Justification of Red List Category
This species is listed as Near Threatened because there are some indications that its very small range is occupied by a moderately small, fragmented population which is undergoing a continuing decline owing to forest loss and degradation. However, little is currently known about the species's population size and structure, and the impact of threats, and its population is not regarded as severely fragmented or restricted to a few locations.
This species is poorly known, but is common on at least some of the islands where it occurs. Overally the population is assumed to be moderately small. It is placed in the band 10,000-19,999 individuals, equating to 6,667-13,333 mature individuals, rounded here to 6,000-15,000 mature individuals.
The population is suspected to be in decline owing to on-going habitat destruction.
Otus mantanensis is endemic to the islets off Sabah (e.g. Mantani), Malaysia, and off Palawan (e.g. Rasa, Ursula) in the Philippines, as well as to islands in the Sulu archipelago and central Philippines (BirdLife International 2001). It is apparently common in suitable habitat. The total range size is very small.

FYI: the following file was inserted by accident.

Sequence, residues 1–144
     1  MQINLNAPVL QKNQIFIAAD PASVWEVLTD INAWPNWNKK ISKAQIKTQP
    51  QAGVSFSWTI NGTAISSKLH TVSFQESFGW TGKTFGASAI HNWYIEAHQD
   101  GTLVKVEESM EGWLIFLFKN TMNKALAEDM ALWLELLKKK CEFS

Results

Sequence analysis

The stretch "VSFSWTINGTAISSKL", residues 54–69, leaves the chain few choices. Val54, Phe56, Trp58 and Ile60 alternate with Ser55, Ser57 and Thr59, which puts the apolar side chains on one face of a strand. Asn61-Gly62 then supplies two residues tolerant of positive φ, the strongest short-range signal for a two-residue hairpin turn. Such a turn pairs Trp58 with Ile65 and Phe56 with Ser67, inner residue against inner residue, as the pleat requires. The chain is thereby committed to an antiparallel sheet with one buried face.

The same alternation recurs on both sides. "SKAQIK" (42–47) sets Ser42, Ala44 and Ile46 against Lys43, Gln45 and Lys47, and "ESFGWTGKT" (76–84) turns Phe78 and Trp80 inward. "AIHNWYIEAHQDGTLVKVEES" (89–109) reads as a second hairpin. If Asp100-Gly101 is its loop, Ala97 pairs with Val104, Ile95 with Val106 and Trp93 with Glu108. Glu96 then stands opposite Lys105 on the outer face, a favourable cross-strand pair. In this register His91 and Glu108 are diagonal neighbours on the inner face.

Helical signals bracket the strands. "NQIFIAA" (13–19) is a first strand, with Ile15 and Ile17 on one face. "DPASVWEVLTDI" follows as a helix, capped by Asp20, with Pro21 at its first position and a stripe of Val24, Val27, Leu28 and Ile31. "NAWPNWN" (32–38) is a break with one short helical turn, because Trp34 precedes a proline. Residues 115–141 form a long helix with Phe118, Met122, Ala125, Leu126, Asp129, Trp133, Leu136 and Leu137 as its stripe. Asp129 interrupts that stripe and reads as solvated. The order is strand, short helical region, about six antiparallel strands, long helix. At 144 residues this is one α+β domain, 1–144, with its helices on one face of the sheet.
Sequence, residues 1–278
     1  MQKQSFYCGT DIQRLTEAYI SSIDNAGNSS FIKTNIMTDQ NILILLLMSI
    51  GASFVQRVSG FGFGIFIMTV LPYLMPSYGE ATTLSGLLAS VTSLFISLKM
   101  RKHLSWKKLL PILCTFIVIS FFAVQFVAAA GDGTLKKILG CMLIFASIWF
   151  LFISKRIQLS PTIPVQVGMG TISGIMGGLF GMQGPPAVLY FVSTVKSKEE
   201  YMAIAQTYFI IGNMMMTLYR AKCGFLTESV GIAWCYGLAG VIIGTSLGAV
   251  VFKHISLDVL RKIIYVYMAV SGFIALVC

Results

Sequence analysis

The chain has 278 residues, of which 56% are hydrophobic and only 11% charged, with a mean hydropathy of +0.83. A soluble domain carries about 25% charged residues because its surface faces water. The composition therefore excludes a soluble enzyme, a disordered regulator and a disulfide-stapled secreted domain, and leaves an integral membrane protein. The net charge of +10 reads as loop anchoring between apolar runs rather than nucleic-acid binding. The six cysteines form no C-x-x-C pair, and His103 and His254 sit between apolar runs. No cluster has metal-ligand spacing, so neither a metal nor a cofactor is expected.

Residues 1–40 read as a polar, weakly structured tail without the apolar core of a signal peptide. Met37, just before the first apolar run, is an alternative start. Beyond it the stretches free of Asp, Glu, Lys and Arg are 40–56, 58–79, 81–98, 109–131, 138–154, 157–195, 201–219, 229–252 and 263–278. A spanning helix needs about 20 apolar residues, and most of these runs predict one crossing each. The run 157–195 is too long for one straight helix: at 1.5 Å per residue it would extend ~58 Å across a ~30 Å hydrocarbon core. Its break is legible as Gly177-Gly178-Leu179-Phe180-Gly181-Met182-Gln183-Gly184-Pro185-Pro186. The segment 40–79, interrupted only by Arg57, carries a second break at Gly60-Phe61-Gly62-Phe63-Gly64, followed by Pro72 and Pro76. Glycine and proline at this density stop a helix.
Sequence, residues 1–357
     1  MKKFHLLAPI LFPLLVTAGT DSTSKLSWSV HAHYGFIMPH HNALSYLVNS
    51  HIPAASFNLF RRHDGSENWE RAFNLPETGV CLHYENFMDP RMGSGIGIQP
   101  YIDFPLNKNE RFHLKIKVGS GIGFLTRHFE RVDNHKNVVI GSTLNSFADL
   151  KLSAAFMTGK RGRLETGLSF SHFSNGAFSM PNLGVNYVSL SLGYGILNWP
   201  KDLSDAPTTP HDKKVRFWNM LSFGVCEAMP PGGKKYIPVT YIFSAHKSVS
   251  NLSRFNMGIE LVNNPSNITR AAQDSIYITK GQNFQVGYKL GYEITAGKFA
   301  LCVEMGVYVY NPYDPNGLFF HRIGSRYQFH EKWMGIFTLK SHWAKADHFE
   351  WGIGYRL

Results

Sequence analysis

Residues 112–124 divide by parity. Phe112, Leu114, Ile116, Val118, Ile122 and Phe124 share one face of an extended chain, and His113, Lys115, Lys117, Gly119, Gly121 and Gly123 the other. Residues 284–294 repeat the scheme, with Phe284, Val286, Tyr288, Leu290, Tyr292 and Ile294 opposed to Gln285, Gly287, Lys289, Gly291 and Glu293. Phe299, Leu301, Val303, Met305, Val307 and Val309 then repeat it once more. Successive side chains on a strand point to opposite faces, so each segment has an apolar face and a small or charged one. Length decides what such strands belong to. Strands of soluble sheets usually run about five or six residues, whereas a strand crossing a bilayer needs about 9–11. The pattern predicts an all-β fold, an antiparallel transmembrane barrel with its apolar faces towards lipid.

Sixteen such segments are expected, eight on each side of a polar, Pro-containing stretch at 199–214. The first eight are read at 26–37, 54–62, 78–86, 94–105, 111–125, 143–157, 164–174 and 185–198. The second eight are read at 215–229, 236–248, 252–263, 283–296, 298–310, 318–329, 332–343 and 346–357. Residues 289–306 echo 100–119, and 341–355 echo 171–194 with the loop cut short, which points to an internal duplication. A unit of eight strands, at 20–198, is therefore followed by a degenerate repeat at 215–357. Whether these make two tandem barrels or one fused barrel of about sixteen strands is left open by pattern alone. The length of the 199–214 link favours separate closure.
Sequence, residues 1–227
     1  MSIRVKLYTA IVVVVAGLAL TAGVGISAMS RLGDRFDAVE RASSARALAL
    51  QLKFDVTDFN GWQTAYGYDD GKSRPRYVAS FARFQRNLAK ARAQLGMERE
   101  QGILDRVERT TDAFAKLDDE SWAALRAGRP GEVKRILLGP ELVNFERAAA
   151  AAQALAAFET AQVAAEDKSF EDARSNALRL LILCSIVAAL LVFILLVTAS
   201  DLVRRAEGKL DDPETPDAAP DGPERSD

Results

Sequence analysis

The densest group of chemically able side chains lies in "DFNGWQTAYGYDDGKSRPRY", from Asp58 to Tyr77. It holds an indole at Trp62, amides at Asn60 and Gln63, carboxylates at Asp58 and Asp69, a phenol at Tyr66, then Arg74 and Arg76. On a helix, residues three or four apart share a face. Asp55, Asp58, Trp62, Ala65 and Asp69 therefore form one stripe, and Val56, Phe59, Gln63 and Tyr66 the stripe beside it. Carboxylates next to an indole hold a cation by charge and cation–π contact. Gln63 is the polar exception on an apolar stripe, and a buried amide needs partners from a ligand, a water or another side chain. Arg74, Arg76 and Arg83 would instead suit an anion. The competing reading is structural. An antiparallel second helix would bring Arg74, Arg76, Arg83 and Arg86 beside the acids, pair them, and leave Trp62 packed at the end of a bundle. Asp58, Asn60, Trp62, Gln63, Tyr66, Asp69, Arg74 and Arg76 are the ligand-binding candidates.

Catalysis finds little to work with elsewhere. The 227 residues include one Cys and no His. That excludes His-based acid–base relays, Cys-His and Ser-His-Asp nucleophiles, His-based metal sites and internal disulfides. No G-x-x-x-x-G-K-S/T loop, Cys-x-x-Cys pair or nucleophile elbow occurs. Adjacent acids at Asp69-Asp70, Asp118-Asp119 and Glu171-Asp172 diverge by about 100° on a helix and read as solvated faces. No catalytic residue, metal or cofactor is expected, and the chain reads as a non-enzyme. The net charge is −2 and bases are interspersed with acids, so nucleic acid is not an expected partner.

It is fairly common in coconut groves and other wooded habitats, although its total area of occupancy is small. It hunts at the forest edge or in clearings, feeding primarily on insects. Eggs are thought to be laid in March-May in a tree cavity.
It is confined to increasingly disturbed and degraded habitats within a small range. It may also be impacted on by invasive mammals (e.g. cats on Mantanani [M. Dulay in litt. 2014]).
Conservation Actions Underway
None are known.
Text account compilers
Butchart, S., Taylor, J., Bird, J., Westrip, J.
BirdLife International (2019) Species factsheet: Otus mantananensis. Downloaded from http://www.birdlife.org on 21/08/2019. Recommended citation for factsheets for more than one species: BirdLife International (2019) IUCN Red List for birds. Downloaded from http://www.birdlife.org on 21/08/2019.